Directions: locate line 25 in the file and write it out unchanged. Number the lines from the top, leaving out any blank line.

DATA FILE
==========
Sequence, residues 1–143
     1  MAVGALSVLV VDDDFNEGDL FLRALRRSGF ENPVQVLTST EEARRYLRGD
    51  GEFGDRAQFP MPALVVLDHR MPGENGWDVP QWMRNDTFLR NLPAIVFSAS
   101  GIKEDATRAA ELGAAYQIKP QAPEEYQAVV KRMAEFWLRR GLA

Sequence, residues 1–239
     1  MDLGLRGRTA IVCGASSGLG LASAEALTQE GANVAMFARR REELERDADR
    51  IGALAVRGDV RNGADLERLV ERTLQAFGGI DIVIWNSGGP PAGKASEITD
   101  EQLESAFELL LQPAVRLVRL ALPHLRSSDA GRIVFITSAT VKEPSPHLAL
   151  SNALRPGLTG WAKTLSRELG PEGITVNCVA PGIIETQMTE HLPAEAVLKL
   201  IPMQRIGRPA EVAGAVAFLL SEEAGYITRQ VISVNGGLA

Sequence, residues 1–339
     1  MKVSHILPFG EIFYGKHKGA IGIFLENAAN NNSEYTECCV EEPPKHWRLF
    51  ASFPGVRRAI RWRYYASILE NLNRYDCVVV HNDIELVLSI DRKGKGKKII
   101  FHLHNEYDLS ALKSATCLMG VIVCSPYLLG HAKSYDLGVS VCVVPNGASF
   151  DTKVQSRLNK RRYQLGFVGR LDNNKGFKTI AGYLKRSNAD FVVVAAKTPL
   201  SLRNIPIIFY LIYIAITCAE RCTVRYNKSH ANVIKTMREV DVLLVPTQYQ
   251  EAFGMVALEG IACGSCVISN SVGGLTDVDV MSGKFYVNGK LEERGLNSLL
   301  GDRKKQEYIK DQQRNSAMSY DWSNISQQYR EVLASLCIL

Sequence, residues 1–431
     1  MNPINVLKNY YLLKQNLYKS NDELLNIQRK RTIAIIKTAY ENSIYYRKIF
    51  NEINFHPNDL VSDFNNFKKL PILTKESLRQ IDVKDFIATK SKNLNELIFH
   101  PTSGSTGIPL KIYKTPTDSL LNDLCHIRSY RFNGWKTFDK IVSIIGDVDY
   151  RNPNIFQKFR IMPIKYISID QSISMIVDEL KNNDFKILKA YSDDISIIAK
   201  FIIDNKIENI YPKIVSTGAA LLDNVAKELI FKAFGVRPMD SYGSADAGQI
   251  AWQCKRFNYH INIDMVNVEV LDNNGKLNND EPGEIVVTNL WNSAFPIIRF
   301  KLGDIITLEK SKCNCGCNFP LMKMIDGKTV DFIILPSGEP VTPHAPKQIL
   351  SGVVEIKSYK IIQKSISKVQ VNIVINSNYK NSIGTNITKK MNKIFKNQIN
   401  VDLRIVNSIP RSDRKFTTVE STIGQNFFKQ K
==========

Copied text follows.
   251  AWQCKRFNYH INIDMVNVEV LDNNGKLNND EPGEIVVTNL WNSAFPIIRF